U.S. Department of State
Office of the Spokesperson
January 28, 2016
On January 27, the United States and 70 other partner States of the Proliferation Security Initiative (PSI) met in Washington, DC to recognize the critical role the Initiative has played in countering the spread of weapons of mass destruction (WMD) and to discuss how to make it stronger. Thomas M. Countryman, Assistant Secretary of State for International Security and Nonproliferation, chaired the event.
The PSI is a multinational effort to counter the proliferation of WMD. States participating in the PSI – 105 thus far – publicly commit to take specific actions to impede and stop shipments of WMD, their delivery systems, and related material to and from state and non-state actors of proliferation concern.
The keynote address was delivered by U.S. Deputy National Security Advisor Avril D. Haines, who emphasized that WMD proliferation remains a threat and that WMD interdiction is a whole-of-government effort requiring whole-of-government solutions.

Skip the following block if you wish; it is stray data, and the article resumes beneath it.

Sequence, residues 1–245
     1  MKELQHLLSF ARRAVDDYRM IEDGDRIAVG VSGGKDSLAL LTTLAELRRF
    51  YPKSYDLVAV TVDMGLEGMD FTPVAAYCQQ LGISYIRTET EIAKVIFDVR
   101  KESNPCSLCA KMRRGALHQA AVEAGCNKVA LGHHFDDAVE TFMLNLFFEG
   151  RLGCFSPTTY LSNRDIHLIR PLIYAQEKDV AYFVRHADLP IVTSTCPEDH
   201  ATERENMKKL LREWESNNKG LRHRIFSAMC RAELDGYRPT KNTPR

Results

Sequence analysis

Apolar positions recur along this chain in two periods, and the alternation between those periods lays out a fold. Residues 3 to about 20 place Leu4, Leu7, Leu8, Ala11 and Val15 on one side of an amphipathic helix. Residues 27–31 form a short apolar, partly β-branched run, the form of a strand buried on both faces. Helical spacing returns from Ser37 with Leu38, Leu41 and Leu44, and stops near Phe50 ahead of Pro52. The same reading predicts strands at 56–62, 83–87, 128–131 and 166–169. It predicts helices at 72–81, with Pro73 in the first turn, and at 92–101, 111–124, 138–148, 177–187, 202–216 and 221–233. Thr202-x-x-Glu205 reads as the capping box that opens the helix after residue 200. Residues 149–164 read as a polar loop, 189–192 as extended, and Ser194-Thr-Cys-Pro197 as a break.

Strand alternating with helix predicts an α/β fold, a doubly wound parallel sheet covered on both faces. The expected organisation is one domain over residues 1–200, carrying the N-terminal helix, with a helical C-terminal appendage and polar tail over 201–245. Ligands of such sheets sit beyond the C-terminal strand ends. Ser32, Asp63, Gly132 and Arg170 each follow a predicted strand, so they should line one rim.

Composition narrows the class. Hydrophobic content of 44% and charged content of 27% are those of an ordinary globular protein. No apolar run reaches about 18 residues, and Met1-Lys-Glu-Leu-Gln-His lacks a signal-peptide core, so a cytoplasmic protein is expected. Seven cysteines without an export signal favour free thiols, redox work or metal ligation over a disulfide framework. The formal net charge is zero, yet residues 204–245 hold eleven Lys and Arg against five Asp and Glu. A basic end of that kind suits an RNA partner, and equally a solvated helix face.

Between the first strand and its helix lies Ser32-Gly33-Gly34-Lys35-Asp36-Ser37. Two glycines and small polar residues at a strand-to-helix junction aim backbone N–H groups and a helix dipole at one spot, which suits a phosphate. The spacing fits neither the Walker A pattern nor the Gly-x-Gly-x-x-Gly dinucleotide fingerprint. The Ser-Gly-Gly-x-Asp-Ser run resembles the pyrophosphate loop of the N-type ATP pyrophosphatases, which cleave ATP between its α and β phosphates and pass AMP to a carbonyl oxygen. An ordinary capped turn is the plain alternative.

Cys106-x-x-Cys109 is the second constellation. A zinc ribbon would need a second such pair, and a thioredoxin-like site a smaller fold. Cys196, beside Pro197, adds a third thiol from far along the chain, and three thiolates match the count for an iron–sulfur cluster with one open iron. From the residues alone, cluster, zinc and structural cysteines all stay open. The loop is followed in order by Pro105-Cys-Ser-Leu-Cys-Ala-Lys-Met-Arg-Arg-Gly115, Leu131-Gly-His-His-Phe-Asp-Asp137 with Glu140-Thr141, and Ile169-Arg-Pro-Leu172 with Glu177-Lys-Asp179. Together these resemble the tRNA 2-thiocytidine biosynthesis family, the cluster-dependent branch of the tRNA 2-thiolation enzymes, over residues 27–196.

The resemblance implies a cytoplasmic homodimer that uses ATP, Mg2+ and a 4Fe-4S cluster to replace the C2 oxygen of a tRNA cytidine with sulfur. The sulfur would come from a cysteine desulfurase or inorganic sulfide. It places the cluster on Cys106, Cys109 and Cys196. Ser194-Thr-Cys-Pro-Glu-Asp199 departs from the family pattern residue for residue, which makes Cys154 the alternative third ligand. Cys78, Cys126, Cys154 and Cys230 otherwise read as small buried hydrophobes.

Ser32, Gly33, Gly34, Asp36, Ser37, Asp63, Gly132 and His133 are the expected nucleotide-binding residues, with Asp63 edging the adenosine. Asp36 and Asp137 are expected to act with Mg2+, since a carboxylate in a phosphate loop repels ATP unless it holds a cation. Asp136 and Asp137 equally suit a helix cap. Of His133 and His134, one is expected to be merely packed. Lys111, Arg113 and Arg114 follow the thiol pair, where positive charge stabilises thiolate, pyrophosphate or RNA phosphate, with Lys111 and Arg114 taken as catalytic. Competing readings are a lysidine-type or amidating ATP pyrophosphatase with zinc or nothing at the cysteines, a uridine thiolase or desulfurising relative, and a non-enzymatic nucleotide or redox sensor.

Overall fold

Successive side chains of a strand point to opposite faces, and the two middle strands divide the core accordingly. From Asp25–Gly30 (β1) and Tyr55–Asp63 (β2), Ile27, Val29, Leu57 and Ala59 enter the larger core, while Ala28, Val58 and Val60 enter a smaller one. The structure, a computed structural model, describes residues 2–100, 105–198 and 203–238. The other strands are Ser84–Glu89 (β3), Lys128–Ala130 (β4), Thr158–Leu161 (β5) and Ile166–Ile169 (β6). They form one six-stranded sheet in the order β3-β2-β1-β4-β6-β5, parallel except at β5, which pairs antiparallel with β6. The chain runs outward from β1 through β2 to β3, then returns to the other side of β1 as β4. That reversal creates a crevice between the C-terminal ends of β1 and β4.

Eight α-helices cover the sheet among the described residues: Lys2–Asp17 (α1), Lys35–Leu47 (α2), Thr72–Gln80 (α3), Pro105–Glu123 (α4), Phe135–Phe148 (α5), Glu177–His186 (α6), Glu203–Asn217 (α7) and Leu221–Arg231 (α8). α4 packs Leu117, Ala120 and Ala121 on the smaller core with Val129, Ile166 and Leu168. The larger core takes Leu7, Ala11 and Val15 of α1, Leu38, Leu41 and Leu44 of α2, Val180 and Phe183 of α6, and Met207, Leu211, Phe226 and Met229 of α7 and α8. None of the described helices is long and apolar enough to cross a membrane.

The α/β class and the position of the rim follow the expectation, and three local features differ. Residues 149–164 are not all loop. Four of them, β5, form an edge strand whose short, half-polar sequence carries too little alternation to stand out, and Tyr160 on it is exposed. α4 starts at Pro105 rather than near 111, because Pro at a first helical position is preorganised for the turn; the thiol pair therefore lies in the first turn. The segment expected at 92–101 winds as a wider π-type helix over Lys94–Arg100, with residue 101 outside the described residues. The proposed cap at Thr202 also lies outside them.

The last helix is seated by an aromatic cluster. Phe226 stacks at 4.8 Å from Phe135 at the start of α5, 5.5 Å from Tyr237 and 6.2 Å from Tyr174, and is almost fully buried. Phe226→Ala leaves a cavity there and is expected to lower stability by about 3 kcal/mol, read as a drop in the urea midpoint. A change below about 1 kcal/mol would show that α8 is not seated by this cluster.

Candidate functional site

PSI partners reviewed progress made since the 2013 High-Level Political Meeting (HLPM) in Warsaw as well as further efforts that should be taken in advance of the PSI’s fifteenth anniversary in 2018; examined developments in the proliferation and interdiction landscape; promoted more regular and robust PSI activities, such as workshops and exercises; encouraged outreach to additional states and the public; underscored the importance of combatting proliferation financing; and shared expertise and resources to build capacity for conducting interdictions. Additionally, France announced that it will host the 2018 PSI fifteenth anniversary High-Level Political Meeting in Paris.
Assistant Secretary Countryman delivered President Obama’s statement to the participants calling for the international community to focus collectively on the evolving nature of the proliferation threat and to continually work to adapt and expand our national and cooperative counterproliferation efforts.
For more information about countering nuclear smuggling go to: http://www.state.gov/t/isn/.